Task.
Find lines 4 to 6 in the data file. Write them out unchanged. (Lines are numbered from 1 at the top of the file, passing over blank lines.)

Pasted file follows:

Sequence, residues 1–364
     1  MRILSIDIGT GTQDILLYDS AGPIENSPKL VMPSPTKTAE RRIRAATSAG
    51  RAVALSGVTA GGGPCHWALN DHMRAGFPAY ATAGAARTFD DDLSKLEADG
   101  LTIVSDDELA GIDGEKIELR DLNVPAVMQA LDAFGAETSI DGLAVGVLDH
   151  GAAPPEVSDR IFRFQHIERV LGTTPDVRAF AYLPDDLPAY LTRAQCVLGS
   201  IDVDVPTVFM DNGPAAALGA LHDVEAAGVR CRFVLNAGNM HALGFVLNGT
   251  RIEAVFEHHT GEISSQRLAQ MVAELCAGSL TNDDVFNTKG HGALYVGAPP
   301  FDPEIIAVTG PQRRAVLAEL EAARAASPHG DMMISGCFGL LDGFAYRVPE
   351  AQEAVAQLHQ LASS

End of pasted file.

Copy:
   101  LTIVSDDELA GIDGEKIELR DLNVPAVMQA LDAFGAETSI DGLAVGVLDH
   151  GAAPPEVSDR IFRFQHIERV LGTTPDVRAF AYLPDDLPAY LTRAQCVLGS
   201  IDVDVPTVFM DNGPAAALGA LHDVEAAGVR CRFVLNAGNM HALGFVLNGT